BROWN trees, brown river, and a waning moon
Disputing with a dying day; the croon Of melancholy waters surging sheer Over the ramparts of a surcharged weir;
Flat, flooding meadows, half drowned willows, gleams
Of milky whiteness laid along the stream's Far bank (the newly sundered hearts of trees; Beauty cut down—youth, ecstasy that flees).
One voice in moon and daylight, tree and grass: " We perish and come to nought; we perish and pass."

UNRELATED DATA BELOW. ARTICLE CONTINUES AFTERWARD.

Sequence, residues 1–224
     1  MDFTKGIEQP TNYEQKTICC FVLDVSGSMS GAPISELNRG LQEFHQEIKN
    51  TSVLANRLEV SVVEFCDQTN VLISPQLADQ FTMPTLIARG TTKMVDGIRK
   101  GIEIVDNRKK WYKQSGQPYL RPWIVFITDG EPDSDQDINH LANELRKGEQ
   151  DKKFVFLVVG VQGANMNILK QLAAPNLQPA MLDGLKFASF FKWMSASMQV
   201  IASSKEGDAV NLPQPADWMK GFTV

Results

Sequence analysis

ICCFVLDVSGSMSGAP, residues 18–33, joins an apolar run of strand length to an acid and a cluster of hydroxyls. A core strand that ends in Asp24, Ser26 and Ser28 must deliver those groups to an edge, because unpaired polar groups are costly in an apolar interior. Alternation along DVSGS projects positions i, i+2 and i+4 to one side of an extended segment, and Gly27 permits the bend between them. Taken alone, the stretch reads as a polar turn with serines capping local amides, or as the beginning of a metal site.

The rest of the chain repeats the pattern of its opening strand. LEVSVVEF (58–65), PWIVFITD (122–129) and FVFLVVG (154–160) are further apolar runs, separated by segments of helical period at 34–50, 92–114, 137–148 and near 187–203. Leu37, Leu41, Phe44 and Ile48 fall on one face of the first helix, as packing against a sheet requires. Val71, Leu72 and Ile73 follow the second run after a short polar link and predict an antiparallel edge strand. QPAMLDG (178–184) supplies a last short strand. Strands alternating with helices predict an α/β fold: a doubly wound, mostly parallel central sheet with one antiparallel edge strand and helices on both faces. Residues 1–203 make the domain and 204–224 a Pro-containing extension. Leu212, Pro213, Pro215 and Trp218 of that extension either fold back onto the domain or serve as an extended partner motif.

Strange, strange how now the heart at heavy flood,
The wounded spirit and the bitter mood—
That sought relief in work, love, friendly cheer, And all was vanity—find healing here!
Here sorrow's overplus is written in sound Of falling, musical waters; some profound
Loveliness laps this desolate, drowning shore—
A spirit too proud, too noble to weep more . . .
Enough to breathe with moon, tree, daylight, grass : " We perish and come to nought; we perish and pass."
V. H. FRIEDLAENDER.